Born on 22nd December 1887 into a middle-class Tamil Brahmin Iyengar family in Erode, Tamil Nadu. Srinivasa Ramanujan is one of the greatest blessings to the field of mathematics and the world. He made substantial contributions to mathematical analysis, number theory, infinite series, and continued fractions even when he had no formal education in pure mathematics. This includes solutions to mathematical problems considered to be unsolvable.
As a college dropout from a poor family, Ramanujan’s lived in very difficult conditions. He lived off the charity of friends, filling notebooks with mathematical discoveries and seeking patrons to support his work.
Finally, he met with modest success when the Indian mathematician Ramachandra Rao provided him with first a modest subsidy, and later a clerkship at the Madras Port Trust. During this period Ramanujan had his first paper published, a 17-page work on Bernoulli numbers that appeared in 1911 in the Journal of the Indian Mathematical Society. Still no one was quite sure if Ramanujan was a real genius or an eccentric. With the encouragement of friends, he wrote to mathematicians in Cambridge seeking validation of his work.
The marvelous story the revolutionized the mathematics world started with a letter written to the English mathematician G. H. Hardy:
Twice he wrote with no reply; on the third try, he found Hardy.
In 1913, Ramanujan wrote a 10-page letter to the English mathematician which contained about 120 statements of theorems on infinite series, improper integrals, continued fractions, and number theory. Every prominent mathematician gets letters from cranks, and at first glance Hardy no doubt put this letter in that class. But something about the formulas made him take a second look and show it to his collaborator J. E. Littlewood. After a few hours, they concluded that the results “must be true because, if they were not true, no one would have had the imagination to invent them”.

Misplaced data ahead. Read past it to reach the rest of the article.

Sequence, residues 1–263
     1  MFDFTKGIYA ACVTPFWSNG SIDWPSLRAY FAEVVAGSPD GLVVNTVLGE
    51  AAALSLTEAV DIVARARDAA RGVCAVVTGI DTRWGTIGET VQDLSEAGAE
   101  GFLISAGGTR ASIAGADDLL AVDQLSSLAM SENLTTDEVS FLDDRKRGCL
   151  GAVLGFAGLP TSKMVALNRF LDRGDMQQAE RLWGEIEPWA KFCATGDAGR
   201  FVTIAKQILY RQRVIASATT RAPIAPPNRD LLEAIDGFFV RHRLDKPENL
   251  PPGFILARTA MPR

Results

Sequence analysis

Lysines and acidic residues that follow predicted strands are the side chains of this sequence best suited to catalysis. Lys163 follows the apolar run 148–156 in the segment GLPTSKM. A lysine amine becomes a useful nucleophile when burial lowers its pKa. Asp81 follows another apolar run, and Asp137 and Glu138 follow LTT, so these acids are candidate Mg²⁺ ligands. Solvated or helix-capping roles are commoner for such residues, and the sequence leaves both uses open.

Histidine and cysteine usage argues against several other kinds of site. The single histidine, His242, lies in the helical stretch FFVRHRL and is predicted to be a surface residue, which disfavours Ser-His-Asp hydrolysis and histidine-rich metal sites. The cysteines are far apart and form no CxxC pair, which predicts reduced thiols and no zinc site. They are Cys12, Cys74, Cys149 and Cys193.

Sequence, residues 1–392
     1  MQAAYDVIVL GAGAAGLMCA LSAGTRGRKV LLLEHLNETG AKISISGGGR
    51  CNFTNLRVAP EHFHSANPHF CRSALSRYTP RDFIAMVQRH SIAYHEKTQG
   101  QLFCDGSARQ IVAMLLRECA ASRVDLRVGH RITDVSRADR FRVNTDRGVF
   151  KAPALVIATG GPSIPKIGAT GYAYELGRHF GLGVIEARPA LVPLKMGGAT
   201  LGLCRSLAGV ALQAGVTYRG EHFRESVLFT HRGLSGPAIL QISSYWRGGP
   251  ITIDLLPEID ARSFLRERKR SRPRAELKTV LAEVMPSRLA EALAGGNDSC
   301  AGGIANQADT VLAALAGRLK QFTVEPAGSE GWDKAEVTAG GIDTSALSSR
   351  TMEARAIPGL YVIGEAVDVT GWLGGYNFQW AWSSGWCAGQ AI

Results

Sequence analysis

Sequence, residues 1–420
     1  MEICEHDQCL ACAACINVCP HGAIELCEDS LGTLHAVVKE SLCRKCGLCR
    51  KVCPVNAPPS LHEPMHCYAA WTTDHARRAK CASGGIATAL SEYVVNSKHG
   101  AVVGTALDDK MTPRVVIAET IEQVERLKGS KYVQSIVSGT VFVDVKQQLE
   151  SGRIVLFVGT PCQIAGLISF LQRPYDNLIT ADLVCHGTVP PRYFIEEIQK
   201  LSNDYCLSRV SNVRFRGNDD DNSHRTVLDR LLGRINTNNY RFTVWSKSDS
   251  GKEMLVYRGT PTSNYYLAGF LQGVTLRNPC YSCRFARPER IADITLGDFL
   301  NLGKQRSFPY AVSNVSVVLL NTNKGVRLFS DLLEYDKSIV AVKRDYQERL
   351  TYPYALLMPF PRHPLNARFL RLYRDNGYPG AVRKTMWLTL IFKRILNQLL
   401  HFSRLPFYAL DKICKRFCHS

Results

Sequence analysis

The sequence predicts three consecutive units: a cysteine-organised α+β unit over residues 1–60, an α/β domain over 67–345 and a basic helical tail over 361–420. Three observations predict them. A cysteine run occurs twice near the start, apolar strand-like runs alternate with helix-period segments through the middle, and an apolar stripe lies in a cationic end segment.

Finally, Ramanujan’s arrival at Cambridge was the beginning of a very successful five-year collaboration with Hardy. In some ways the two made an odd pair: Hardy was a great exponent of precision in analysis, while Ramanujan’s results were, according to Hardy, “arrived at by a process of mingled argument, intuition, and induction, of which he was entirely unable to give any articulate account”. Hardy did his best to fill in the gaps in Ramanujan’s education without discouraging him. He was amazed by Ramanujan’s uncanny formal intuition in manipulating infinite series, continued fractions.
Ramanujan’s years in England were mathematically productive, and he gained the recognition he hoped for. Cambridge granted him a Bachelor of Science degree “by research” in 1916, and he was elected a Fellow of the Royal Society becoming the first Indian to receive this honor in 1918.
But the unfamiliar climate and culture took a toll on his health. Ramanujan had always lived in a tropical climate and had just home cooked food, prepared by his mother and later by his wife: now he faced the English winter, and he had to do all his own cooking to adhere to his caste’s strict dietary rules. The War-time Shortages added to his misery. Unfortunately, in 1917 he was hospitalized, his doctors fearing for his life. By late 1918 his health had improved; he returned to India in 1919. But his health failed again, and he died in the coming year.
We at Manoj Chaudhari’s Math’s Academy, honor such extraordinary minds and feel forever grateful to the legacy that he has left behind.